Their presence on television may be dissipating, but you still see them every once in a while. No, I’m not referring to Huskies football games in primetime, I’m talking about the memorable series of DirecTV ads that have run over the last year trashing on cable companies. (“Don’t have a grandson with a dog collar…“)
While the ads are memorable, the cable companies might want to start their own series of rebuttal ads around the same premise. Their tagline? “When you want to watch Pac-12 games on DirecTV and can’t, you get angry…” And yet, if form holds, that is exactly how Oregon fans who subscribe to DirecTV and many other cable and satellite providers will feel this season.
There are only four Saturdays remaining between now and Oregon’s home opener against Nicholls State. Yet as of today, the network that game is being carried on, the new Fox Sports 1, hasn’t reached terms with Time Warner Cable, Dish Network and DirecTV. This means any Duck fans among their 46 million-plus subscribers will be unable to watch the season’s first game.
Some of the more casual fans might be dismissive of the necessity of watching the Ducks play an FCS team whose sole victory in 2012 came over a NAIA school, but they should be far more worried about the visibility of their last regular season game, the Civil War, which will be carried by that very same Fox Sports 1 network.
While it is not uncommon for networks and providers to still be in negotiations at this point in the season, present hand-wringing from fans about whether games will be available would be understandable, given the history of the Pac-12 and several television providers failing to come to terms on the conference’s own network. DirectTV, DISH Network, AT&T U-verse and Verizon FIOS all did not make the Pac-12 Network available to its customers for all or part of the 2012 season.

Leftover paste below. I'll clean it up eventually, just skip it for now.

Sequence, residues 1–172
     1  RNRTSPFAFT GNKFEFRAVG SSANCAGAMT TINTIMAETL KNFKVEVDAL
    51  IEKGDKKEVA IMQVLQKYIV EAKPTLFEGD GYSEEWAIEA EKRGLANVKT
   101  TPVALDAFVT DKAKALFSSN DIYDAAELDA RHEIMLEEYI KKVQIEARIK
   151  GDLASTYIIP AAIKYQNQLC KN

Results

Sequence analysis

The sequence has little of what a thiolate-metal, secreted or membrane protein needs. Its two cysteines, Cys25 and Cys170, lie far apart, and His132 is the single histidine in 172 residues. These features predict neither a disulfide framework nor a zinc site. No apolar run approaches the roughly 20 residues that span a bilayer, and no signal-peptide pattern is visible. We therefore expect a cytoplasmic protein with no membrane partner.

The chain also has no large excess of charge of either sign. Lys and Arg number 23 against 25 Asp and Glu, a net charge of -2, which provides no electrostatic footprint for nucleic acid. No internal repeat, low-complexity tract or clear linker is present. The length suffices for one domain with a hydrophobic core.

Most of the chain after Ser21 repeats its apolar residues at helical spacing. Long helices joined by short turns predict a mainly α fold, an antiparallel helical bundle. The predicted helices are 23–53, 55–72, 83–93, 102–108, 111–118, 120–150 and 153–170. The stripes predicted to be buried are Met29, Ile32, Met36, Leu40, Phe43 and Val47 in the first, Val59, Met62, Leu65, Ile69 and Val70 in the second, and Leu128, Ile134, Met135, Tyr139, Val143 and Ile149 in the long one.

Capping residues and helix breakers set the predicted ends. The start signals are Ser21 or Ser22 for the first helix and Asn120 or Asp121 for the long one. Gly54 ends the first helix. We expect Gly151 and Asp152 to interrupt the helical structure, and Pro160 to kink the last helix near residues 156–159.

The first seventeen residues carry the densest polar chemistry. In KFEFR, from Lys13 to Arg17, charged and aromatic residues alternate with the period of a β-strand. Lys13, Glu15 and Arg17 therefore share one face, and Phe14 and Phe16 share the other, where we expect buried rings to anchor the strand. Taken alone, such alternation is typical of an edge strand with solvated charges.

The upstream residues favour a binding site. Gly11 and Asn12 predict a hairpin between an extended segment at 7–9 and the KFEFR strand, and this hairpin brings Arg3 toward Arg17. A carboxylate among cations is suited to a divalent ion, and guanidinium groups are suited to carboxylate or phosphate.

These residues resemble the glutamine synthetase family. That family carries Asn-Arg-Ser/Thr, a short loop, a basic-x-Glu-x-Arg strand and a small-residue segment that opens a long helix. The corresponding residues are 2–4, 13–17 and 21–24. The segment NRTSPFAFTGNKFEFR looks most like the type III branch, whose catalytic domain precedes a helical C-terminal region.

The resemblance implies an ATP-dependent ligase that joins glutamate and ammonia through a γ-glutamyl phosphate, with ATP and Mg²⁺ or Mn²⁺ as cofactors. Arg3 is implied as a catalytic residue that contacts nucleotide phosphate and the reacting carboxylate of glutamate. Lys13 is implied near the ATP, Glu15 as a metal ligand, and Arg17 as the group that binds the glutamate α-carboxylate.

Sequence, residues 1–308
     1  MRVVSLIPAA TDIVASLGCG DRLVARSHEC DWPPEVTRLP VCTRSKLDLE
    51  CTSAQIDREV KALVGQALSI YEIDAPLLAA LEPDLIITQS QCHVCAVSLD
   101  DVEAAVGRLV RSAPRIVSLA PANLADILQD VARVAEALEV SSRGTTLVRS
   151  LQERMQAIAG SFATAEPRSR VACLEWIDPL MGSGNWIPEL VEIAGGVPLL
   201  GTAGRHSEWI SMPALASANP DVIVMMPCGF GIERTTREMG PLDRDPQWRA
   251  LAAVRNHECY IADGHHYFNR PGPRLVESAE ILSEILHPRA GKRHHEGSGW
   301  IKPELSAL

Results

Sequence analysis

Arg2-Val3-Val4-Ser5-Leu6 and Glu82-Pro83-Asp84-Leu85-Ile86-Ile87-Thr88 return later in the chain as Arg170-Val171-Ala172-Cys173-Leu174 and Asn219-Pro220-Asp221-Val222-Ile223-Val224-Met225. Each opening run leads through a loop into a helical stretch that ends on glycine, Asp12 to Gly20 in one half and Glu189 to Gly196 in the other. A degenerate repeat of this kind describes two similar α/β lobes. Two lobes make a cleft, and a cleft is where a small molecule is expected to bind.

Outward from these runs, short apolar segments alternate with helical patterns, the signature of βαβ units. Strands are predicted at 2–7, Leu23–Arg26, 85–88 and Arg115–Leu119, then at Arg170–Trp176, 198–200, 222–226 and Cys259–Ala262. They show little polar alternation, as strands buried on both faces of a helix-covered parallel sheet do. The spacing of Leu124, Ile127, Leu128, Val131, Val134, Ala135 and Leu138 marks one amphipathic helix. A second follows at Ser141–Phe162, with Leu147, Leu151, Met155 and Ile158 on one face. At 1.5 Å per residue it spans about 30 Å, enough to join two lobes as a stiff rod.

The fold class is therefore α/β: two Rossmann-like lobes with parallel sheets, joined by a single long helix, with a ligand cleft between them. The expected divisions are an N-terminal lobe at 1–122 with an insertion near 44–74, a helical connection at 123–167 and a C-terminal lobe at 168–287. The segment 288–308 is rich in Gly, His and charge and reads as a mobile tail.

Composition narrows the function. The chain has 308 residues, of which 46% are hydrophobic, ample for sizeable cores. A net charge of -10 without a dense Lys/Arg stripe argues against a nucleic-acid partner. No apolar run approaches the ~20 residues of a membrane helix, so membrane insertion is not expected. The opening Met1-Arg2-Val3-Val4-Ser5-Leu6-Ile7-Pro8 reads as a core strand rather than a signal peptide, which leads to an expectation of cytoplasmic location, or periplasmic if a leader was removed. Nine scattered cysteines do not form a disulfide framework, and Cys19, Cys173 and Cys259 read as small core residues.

Those with the greatest level of concern should be fans who subscribe to DirecTV. Four of Oregon’s six games already assigned to networks are on channels DirecTV doesn’t carry, meaning Duck fans watching games at home are guaranteed to miss at least a third of the season on TV. That doesn’t even consider the games that will be assigned on the 12- and 6-day option schedules, so potentially half or more of Oregon’s games could be unavailable to DirecTV’s 20 million US subscribers.